Who would have thought that a festival titled Death could be so stimulating! Or such fun. Well I would for a start, but then I rather like the strange, weird and offbeat. I’m cheating a bit mind you because that wasn’t the full title of the event. Its full title was Death: festival for the living and it was held at the South Bank last weekend. And in case you might have thought it would be somewhat gloomy, macabre or even distasteful a glimpse at the jolly yellow programme cover with its lively horses and neon stencilled coffin would make you think twice.
There were all manner of things to see and do, most of them fun, all of them informative. For me one of the highlights was ‘Before I Die’ part of an on-going international project by artist Candy Chang. Visitors were invited to share their dreams, ambitions and resolutions – on an enormous L-shaped chalkboard. The contributions ranged from the poignant ‘before I die I want to meet my gran’ to the wit who declared that they wanted ‘to get away with murder.’ There was endless variety – one individual wished to follow in Jesus’ footsteps, literally, including the resurrection, someone else longed to teach a penguin how to fly and another message said plaintively ‘before I die I want to have a puppy.’
Scattered around the foyers of the Royal Festival Hall, a variety of jolly coffins added to the general air of merriment. These creative inventions are the work of the Paa Joe workshop in Ghana and Crazy Coffins in Nottingham. A few, such as the giant corkscrew coffin, were imaginative exercises, but for the most part they were commissioned by people who wanted to celebrate their life as well as their death in a truly unusual, and indeed a life-affirming way, if that’s not too much of a contradiction and I don’t believe it is.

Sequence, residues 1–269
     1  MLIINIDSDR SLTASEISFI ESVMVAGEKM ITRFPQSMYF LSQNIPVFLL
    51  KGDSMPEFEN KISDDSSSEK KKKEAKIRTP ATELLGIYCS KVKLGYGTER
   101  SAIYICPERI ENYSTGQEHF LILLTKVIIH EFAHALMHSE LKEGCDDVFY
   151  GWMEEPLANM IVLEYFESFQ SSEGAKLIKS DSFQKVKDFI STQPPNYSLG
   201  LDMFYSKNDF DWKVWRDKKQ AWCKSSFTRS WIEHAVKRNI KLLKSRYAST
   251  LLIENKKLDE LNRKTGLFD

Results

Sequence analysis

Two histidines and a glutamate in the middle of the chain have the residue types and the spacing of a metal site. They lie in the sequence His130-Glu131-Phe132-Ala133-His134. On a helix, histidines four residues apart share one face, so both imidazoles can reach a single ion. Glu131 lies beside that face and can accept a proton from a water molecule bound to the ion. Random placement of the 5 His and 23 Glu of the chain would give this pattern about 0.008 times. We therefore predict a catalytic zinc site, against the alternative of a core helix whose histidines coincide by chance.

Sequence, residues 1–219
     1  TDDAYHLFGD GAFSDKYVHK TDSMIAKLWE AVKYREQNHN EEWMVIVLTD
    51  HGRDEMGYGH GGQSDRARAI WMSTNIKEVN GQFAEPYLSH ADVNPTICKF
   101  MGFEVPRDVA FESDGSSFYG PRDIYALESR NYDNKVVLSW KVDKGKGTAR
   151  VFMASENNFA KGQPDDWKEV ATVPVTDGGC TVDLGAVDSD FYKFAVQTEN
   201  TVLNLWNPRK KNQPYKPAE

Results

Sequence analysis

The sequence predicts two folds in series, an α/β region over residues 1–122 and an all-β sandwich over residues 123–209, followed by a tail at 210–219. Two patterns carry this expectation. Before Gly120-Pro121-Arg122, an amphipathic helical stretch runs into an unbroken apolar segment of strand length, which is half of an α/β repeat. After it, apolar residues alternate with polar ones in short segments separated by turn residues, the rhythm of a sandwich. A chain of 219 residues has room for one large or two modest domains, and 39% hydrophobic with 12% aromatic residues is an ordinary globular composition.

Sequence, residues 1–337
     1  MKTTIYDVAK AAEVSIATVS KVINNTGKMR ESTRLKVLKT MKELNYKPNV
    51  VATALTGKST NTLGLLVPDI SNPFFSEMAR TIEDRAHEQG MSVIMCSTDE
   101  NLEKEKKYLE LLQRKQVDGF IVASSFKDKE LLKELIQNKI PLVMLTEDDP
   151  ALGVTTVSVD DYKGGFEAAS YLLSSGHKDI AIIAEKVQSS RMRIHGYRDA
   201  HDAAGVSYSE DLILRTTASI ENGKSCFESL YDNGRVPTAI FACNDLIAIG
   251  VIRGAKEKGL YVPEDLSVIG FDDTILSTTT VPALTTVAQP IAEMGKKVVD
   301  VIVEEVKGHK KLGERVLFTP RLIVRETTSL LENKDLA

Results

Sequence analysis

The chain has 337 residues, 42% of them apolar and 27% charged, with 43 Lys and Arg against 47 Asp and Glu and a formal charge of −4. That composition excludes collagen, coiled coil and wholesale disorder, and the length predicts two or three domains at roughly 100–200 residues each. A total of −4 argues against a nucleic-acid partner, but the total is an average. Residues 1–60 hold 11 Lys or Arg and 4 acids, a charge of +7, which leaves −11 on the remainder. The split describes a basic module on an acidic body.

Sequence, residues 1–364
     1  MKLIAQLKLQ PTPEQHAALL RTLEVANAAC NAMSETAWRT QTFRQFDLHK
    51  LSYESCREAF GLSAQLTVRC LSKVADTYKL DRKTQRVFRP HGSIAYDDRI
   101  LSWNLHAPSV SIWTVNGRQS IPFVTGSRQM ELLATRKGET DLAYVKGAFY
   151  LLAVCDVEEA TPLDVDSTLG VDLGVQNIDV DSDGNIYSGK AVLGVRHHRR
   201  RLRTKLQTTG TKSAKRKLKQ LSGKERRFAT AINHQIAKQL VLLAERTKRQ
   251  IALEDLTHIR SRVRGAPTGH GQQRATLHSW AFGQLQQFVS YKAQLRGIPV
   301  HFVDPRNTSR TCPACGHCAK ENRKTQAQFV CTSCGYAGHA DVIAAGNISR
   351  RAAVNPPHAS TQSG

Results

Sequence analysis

Fly away home …!
For me, however, the true highlight was the Sandi Toksvig Memorial Lecture. Entitled ‘Die Laughing’ it certainly lived up to it’s billing except for the death bit. No one died, as far as I know, and if they had they would have gone out in the happiest way possible. I did bruise my thumb I clapped so much and got a sore throat from the community singing but I wouldn’t have missed it for the world. What with some wonderful singing, a guest appearance from Jeremy Hardy, the unforgettable knowledge that a cockroach can’t pee and Sandi T herself, who must be one of the funniest persons on earth, I rolled out onto the South Bank with a grin from ear to ear and very happy to be alive.